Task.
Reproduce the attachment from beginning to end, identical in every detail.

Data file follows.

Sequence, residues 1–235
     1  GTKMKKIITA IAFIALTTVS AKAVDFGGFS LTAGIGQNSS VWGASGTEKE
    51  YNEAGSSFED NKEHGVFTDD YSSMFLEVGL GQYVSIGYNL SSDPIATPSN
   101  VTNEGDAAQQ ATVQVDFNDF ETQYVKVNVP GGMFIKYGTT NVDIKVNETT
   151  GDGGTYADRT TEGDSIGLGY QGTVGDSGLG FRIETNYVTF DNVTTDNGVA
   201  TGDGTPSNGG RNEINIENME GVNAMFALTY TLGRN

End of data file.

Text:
Sequence, residues 1–235
     1  GTKMKKIITA IAFIALTTVS AKAVDFGGFS LTAGIGQNSS VWGASGTEKE
    51  YNEAGSSFED NKEHGVFTDD YSSMFLEVGL GQYVSIGYNL SSDPIATPSN
   101  VTNEGDAAQQ ATVQVDFNDF ETQYVKVNVP GGMFIKYGTT NVDIKVNETT
   151  GDGGTYADRT TEGDSIGLGY QGTVGDSGLG FRIETNYVTF DNVTTDNGVA
   201  TGDGTPSNGG RNEINIENME GVNAMFALTY TLGRN